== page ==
Andrew Cave says that insurers will have to adapt to the new age discrimination legislation

Before you read this column, I'd like to request that you stipulate your age. I'm not being ageist. Far from it. It would just help me to know. Actually, it would have been ideal if you could have emailed it in before I started work on this article.

Then I could have made sure it was tailored to your precise demographics. Maybe a special offer could have been included. In some instances, it might have been appropriate to ask you not to read any further.

I hope you don't think that's unreasonable or far-fetched? It is how the insurance industry has operated for many years (sorry) after all. The problem is that it's a far cry from the spirit behind the new anti-ageism laws that came in at the beginning of this month. Maybe I won't always be able to request such information. And perhaps insurers won't either.

Just read what Lindsay Scott of Help the Aged Scotland told The Scotsman newspaper this month. "Ageism covers a far wider area than just employment, and we want to see wider protective legislation," she said. "We want to see it cover goods and services: insurance, for example, and travel. Age has to become compatible with gender, disability and race."

Anti-ageism legislation covering insurance? It's enough to have underwriters quivering in their boots. One only has to look at the chaos that the latest anti-ageism legislation has created to see the potential implications if such a wish-list became reality.

Already, lawyers are claiming that the new rules banning age discrimination in the workforce may backfire because they make it significantly more costly and complex for companies to keep workers on over the age of 65 and many will choose to let them retire rather than risk legal wrangles.

There are also claims that the new age discrimination laws could make the government's two-tier minimum wage illegal. The age-old (sorry again) practice of company birthday cards being passed round the office for workers to sign has been scrapped by Bournemouth insurance broker Alan & Thomas because of legal worries prompted by the new legislation. Even Premiership football clubs face a legal challenge to their policy of offering only one-year contracts to players over 30. Arsenal manager Arsene Wenger must be relieved that his decision to get rid of Robert Pires was taken before 1 October.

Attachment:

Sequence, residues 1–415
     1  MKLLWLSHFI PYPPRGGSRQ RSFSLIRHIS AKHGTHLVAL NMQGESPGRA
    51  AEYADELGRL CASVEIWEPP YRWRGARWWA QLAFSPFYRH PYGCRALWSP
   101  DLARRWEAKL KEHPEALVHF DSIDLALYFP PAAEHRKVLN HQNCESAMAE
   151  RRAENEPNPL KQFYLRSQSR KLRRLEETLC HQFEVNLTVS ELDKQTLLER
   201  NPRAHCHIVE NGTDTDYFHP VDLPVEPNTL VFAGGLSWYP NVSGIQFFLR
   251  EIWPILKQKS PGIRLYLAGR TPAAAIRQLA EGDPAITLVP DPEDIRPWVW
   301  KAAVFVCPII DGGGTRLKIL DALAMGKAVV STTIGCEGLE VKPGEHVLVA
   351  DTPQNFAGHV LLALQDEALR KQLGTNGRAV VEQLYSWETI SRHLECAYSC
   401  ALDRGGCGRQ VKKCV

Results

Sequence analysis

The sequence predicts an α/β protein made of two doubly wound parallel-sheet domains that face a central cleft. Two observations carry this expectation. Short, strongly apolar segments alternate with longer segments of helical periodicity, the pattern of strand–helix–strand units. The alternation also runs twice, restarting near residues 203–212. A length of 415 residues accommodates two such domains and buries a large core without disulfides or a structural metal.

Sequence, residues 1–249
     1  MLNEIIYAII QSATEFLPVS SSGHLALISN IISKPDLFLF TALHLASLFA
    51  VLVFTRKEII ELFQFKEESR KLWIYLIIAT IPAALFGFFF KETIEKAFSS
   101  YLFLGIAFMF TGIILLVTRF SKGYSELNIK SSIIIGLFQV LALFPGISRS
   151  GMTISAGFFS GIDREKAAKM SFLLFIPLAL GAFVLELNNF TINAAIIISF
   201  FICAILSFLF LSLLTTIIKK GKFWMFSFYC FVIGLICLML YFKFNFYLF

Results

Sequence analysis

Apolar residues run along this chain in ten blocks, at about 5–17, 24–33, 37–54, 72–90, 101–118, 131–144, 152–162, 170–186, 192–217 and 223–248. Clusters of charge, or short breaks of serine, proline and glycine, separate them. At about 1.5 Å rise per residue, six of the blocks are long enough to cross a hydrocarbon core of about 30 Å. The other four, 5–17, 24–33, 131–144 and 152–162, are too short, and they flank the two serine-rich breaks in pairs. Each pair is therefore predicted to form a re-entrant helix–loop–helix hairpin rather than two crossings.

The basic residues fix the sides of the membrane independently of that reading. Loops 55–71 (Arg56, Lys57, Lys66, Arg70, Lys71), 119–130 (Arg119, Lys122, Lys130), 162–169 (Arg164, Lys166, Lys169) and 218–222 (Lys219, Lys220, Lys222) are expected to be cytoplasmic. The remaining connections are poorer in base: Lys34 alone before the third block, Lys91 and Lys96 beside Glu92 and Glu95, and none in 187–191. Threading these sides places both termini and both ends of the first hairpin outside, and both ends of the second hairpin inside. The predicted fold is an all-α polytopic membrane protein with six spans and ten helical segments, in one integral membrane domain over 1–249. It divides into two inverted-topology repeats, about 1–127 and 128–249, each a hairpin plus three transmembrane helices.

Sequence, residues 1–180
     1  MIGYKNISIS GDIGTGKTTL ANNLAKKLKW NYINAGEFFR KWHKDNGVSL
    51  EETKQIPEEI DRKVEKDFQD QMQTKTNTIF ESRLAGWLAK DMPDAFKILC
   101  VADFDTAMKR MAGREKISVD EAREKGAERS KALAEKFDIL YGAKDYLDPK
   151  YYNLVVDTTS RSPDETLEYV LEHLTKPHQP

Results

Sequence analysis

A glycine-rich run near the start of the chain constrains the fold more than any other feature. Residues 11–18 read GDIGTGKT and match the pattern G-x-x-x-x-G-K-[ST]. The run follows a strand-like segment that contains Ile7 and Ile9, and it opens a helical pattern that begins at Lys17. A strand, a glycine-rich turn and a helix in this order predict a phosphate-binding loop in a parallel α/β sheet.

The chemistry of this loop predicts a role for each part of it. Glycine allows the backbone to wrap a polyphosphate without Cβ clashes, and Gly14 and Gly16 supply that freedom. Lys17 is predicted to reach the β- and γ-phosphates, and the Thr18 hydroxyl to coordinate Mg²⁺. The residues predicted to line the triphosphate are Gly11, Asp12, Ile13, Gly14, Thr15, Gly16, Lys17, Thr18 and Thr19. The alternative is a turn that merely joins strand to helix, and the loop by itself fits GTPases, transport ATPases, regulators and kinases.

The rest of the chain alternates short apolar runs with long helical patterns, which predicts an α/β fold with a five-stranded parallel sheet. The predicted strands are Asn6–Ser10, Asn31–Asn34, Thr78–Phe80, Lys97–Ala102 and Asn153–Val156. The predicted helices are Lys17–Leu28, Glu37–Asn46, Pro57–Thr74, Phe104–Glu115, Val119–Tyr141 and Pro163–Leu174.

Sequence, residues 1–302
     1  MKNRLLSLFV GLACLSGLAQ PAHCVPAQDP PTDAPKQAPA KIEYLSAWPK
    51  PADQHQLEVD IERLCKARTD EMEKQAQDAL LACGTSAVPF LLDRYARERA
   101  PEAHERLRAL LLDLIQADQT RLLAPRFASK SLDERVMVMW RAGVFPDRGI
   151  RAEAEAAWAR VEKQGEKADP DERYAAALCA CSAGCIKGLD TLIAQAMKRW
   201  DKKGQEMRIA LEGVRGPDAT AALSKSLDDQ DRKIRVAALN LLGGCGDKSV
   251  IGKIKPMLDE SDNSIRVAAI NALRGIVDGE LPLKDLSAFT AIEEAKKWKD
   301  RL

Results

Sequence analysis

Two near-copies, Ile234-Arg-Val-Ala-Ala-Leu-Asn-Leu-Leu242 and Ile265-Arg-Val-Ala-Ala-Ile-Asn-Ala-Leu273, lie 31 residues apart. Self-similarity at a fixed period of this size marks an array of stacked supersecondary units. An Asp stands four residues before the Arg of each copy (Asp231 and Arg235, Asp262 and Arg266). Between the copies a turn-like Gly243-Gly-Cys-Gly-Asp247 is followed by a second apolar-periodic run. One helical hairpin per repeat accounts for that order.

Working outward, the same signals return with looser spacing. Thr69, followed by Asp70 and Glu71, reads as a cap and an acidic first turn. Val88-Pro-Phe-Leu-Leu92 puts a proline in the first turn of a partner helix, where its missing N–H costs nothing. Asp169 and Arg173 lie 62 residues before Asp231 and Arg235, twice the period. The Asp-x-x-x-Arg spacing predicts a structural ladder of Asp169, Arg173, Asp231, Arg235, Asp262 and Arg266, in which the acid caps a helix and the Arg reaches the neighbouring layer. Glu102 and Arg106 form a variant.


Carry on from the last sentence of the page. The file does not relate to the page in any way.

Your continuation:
Imagine what would happen if insurers had to cope with all this. How would it affect underwriting models? Is the industry ready to defend its corner on health or motor insurance? Would insurers that market themselves on offering or denying policies to certain age bands be able to survive? Maybe they had better start thinking about it now.

Judging by the havoc the new rules are causing in employment agencies, investment banks, human resources and in-house legal departments, the insurance industry might want to start putting together a cohesive explanation and justification of age-related practices that it doesn't believe it can operate properly without. After all, few people outside insurance are likely to stick up for the industry on this one. IT

' Andrew Cave is the former associate City editor of the Daily Telegraph